Visualize being in a small boat with a rope tied back to the shore. Suddenly, a load of rocks gets dumped in the pond and creates a 6-foot wave. You know at that time the wave will swamp your boat when it pulls the rope tight. It would be better to cut the rope and try to float on the wave. But a smart sailor knows how to use a “sea anchor,” a device that works to keep your boat still by connecting it to the surface near the boat.
Electrical power engineers know the condition well, and they call a similar electrical wave ground potential rise. The sea anchor is analogous to the alternative earthing electrode, your ground rod at the phone booth. But, because power safety prohibits us from cutting loose from the shore, the code then requires us to back up the electrode with the bonding conductor.
In fact, in the NEC section formally titled “NFPA 78--The National Lightning Code,” the alternative earthing electrode is required. If you don’t provide it and someone is hurt in or near your booth, you can be liable for some very large damage costs because you didn’t take “prudent measures” to protect people against hazards from ground potential rise.
Besides, it just makes good business sense to protect the microelectronics boards in your phone. What’s happening to those microelectronics? It takes a surgeon’s microtome and a microscope to see it. Right where the 5-volt Zener diode is on the integrated circuit chips, a sliced-open chip will reveal a microscopic volcano where the diode used to be. Why? Because one end of that diode has to be connected to what it calls “ground” to make the circuit work. The amount of current the diode has to conduct for millionths of a second when its ground floats to thousands--perhaps only hundreds--of volts from normal is so large that the Zener diode explodes. All it takes is one hit and your smart pay station never gets a chance to dial you up for its own obituary. It just dies instantly.
So why didn’t this affect pay stations before? That’s easy: the electromechanical devices of the monopoly era, those simple relays and switches, could take repeated hits before they would fail. The dissipating voltage, if high enough to puncture a relay’s varnished cotton and even plastic insulation, simply leaves a pinhole in the insulation, and if the operating voltage of 48 volts is still much lower than the general insulation value of 600 volts or so, the relay keeps working. In fact, it works until enough “pinholes,” perhaps dozens or hundreds of them finally, cause so much insulation loss that the relay gets enough shorted turns that it will not work anymore. Technicians curious enough to unwind a failed relay often wonder what causes the wire’s peppered appearance.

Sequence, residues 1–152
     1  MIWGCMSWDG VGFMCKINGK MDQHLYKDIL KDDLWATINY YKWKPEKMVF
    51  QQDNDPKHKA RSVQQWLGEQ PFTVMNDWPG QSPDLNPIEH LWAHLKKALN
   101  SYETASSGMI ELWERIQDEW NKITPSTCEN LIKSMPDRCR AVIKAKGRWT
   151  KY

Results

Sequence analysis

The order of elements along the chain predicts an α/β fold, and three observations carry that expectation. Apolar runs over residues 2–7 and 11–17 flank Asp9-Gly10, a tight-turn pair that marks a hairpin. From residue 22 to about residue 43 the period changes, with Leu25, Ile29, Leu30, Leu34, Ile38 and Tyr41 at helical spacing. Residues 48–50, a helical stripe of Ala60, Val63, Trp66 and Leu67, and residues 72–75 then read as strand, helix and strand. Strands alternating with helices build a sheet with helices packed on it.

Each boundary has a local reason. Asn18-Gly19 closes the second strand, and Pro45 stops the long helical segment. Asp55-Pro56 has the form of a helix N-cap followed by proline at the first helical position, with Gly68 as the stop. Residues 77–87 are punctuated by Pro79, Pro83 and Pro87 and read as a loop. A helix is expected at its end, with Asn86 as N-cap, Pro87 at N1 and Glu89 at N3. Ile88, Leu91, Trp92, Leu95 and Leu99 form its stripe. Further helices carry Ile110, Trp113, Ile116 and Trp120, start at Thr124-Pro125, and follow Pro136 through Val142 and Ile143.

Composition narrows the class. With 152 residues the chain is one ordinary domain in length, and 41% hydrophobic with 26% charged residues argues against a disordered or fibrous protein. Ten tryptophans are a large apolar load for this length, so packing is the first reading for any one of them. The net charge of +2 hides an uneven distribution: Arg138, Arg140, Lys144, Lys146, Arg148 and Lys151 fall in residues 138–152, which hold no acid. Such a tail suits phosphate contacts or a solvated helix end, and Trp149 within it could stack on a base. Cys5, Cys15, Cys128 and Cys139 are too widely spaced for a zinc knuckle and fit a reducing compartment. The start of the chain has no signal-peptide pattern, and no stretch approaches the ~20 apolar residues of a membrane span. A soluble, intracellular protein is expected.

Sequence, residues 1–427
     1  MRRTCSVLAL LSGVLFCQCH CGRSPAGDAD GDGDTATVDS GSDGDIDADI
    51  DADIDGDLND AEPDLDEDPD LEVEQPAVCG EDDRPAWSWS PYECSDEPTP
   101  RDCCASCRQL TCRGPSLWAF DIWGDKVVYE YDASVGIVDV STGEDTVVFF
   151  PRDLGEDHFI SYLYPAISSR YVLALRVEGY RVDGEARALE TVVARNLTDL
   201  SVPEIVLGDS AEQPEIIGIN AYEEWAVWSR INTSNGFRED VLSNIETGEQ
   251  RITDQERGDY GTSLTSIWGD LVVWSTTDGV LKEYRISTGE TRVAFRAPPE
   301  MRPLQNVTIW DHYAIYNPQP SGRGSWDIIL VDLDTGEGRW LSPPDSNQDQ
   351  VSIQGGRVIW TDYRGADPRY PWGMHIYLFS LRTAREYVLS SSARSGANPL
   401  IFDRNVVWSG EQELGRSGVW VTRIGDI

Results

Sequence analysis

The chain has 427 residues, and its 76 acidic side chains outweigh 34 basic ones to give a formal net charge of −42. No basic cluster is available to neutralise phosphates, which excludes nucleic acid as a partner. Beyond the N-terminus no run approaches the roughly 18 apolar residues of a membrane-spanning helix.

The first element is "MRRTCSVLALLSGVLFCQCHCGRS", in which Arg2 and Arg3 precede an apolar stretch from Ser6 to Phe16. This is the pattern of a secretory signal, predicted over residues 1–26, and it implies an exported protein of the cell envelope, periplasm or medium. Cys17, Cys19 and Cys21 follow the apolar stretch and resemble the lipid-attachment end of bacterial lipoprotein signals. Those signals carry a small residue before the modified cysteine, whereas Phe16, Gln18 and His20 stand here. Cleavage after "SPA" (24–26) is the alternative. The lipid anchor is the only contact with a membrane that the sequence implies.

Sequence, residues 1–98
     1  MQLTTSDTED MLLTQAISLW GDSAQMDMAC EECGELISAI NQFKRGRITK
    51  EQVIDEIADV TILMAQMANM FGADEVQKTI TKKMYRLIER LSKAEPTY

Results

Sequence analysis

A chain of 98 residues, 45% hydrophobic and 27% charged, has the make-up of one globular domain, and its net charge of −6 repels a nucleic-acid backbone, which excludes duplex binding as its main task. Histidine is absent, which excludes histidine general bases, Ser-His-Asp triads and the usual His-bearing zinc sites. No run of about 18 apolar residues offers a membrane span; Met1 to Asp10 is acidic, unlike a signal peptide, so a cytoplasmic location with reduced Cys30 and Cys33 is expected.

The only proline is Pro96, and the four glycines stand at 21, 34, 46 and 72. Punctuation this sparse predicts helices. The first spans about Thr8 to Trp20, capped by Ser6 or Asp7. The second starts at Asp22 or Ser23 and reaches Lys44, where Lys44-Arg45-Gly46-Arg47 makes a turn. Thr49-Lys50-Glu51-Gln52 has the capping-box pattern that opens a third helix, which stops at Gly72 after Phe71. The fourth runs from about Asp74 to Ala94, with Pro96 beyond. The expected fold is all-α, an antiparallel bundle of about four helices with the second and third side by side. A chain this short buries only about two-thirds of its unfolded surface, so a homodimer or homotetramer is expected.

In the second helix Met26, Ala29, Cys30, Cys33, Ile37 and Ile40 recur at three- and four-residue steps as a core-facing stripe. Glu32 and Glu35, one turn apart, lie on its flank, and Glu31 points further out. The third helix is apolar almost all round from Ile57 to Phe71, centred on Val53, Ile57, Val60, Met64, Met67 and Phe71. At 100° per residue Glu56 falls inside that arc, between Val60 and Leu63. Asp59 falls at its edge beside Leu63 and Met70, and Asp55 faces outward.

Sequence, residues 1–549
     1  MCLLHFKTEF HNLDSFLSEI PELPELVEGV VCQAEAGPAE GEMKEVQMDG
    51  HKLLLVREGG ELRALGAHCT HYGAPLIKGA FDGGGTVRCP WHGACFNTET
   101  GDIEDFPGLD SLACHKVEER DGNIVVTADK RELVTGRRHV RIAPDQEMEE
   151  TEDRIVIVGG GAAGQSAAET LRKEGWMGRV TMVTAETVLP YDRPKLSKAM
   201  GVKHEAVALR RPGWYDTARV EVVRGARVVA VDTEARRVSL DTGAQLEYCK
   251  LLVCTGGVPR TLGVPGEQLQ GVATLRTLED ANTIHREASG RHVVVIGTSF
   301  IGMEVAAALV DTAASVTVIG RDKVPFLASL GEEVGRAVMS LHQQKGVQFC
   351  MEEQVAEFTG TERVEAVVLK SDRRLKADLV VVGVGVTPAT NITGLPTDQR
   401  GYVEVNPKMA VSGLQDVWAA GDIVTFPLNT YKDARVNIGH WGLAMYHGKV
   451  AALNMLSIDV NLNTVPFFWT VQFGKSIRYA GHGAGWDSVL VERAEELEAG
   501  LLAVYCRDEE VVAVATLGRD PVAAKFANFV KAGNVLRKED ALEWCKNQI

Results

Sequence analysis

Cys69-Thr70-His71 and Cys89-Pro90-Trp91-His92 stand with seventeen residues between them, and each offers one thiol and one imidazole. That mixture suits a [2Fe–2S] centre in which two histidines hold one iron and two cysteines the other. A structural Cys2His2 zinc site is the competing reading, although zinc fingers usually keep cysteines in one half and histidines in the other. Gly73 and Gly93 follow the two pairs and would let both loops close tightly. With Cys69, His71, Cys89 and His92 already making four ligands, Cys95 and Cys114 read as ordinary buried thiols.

For this reason, many “experienced” installers who put in electromechanical pay phones for years never believed the one lesson they got in bonding and grounding. It seemed to be a theoretical thing that the teacher just wanted to use for an exam question. They had many years of practical experience that led them to believe an extra ground was not necessary.
But a ground rod is not forever, either. To do its job, it must be in contact with moist soil. That sets up a constant corrosive action that eventually forms an insulating layer of corrosion on the surface of the rod, so it loses contact with the soil. An annual maintenance check using a megger--or the more sensitive devices we now have--can show deterioration of the grounding path.
The Rural Electrification Administration charted the United States years ago to show that the entire country, except for a narrow strip at the Pacific Ocean, has more than five lightning days a year, enough to put 95 percent of the nation at risk for lightning damage. (It’s a kind of natural tradeoff for earthquakes). But, even at the Pacific shoreline, with only one day of lightning per year, one lightning bolt nearby can kill your modern microelectronic pay station.
As our good ol’ boys near Southeast lighting centers say, “You’d better get your ground down to earth, son!”
Written by Donald E. Kimberlin, principle consultant of Telecommunications Network Architects in Safety Harbor, Florida.
This article is adapted from Vol. 3, No. 1, p. 50.